So you (and / or the DomPost) have done your research and are able to state for certain that at least three of the offences committed by Burton (excluding the murder for which he was on bail and thus, not having been convicted, would not have that as a strike against him) would have qualified as strikes and thus he would have been in jail at the time he killed Kuchenbecker?

    I have no idea. However I suspect that much of it would have been “petty” crimes which don’t come under the provisions of the Act… if someone had committed 100 serious assaults, let alone murders, they’d have been in preventive detention.

    Unless you can support these assertions with data you (and the Dom Post) are just conjecturing. Noithing wrong with that unless you state it as fact – then it becomes lying.

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  14. John Boscawen (146 comments) says:

    I categorically deny that either ACT or I have deliberately used “misleading and alarmist figures” when talking about National’s ETS.

    The opposite is the case and happened again in question time in the House this afternoon.
    With regard to agriculture I have, and continue to use, figures based on Meat & Wool NZ’s calculations that the average dairy farmer will face an ETS cost of $3,900 per annum from July 1 this year, $7800 pa from January 1 2013 and $10,200 from January 1 2015.

    By 2015 this represents 7 cents per kg of milk solids.

    Yesterday on Radio NZ Agriculture Minister David Carter finally acknowledged that the real cost to dairy farmers in 2015 would be 7cents per kg when, up until recently, he was quoting a cost of 2.5 cent per kg in 2015. He did so in a speech to the DairyNZ Forum on May 5 at Mystery Creek in Hamilton and again at the Mid-Canterbury Federated Farmers AGM in Ashburton. On that occasion I was in the audience to hear it myself.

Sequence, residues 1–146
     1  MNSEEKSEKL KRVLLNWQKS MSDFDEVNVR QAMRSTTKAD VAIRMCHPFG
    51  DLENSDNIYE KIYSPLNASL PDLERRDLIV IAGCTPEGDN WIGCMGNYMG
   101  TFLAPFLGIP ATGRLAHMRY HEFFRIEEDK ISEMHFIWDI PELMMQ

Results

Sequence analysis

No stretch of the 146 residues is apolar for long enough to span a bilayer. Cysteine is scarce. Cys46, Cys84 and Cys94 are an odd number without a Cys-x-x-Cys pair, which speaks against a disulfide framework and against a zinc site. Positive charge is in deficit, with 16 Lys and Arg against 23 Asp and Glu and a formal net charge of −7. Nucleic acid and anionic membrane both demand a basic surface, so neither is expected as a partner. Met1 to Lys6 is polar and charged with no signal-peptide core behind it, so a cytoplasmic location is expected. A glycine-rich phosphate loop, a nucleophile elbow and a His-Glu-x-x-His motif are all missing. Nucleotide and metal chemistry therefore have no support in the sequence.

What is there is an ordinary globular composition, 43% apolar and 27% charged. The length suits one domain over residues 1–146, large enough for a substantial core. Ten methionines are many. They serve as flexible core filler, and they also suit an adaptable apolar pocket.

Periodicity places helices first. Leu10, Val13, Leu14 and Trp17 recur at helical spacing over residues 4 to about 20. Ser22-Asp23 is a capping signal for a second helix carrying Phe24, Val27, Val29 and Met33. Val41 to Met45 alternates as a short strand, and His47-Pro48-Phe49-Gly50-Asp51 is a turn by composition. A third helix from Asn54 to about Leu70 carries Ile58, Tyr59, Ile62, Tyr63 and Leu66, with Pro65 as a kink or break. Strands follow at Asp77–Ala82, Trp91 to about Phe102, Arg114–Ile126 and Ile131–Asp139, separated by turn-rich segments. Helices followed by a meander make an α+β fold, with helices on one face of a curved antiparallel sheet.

Incredibly, this afternoon at question time when I asked him if he stood by his statement to DairyNZ he once again contradicted himself and said ‘yes.’

    Another major misrepresentation from National is that, from July 1, the Government only stands to gain $350 million per annum from the ETS against allocations of emissions permits in the first year of $1.1billion.

    This $350m figure is a gross underestimate and excludes all of the gains the Government will make from its investment in electricity generators.

    Under the ETS, Genesis will move to recover the costs of emissions units from Huntly and will drive up the wholesale price of electricity. All generators will gain from this higher wholesale price and while I estimate that the additional gain to the Government will be at least $150 million per annum (taking its total gain to at least 500m), the NZ Climate Science Coalition put it at closer to $250m per annum (making it $600 million in total)

    Whether the Government receives this as a dividend or if it’s retained within the generators, the fact remains that the Government is getting a windfall gain which it is not disclosing to the people of New Zealand.

    Finally, the ACT party will campaign tirelessly until either the Government postpones the ETS or until June 30 to bring the true facts of the ETS to the people of New Zealand.

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  15. side show bob (3,660 comments) says:

    Hardly surprising the Press is on ACT’s case. AGW has been their love child for the last few years. Our own local rag runs at least 2 to 3 columns a wake pushing the cause for Climate Change. Talk about propaganda, the only dissenting views are those expressed by letters to the editor, I expect these are put in rather grudgingly. God forbid the people don’t get their weekly dose of AGW bullshit, they may fall off the wagon.